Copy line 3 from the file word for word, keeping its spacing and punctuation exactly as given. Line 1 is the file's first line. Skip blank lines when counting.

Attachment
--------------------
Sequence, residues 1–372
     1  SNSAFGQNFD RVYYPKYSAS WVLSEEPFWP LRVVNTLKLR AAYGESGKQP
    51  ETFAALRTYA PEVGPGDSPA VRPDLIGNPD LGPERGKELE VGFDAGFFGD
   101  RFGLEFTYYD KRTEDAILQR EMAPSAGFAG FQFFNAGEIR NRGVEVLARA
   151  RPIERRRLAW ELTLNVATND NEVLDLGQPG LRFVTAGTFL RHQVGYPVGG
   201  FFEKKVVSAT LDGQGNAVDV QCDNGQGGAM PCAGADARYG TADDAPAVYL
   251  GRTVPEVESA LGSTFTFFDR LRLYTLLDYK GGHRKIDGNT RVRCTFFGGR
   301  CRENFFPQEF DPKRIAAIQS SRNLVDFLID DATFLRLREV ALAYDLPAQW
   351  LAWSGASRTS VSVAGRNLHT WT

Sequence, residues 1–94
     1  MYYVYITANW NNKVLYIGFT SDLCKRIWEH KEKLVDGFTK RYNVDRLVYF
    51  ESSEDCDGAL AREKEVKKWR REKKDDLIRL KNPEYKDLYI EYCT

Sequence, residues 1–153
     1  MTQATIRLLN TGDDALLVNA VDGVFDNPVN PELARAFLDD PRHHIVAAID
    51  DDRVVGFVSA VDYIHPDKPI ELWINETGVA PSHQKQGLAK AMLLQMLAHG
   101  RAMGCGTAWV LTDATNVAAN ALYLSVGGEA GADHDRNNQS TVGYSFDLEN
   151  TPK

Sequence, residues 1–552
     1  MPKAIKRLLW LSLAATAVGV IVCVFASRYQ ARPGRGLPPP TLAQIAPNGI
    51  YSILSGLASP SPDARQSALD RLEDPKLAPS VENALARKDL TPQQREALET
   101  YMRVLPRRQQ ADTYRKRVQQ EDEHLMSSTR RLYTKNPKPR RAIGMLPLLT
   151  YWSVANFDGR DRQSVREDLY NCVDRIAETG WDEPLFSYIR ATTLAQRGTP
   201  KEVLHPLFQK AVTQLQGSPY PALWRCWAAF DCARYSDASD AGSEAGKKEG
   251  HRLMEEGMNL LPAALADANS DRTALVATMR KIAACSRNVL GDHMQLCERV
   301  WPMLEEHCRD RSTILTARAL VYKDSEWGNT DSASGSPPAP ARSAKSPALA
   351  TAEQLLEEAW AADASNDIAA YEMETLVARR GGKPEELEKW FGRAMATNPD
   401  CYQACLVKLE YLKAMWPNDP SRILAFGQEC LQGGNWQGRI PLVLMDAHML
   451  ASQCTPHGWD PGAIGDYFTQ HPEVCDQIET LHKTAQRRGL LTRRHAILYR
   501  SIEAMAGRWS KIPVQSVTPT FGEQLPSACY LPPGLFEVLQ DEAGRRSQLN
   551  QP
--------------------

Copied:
    51  ETFAALRTYA PEVGPGDSPA VRPDLIGNPD LGPERGKELE VGFDAGFFGD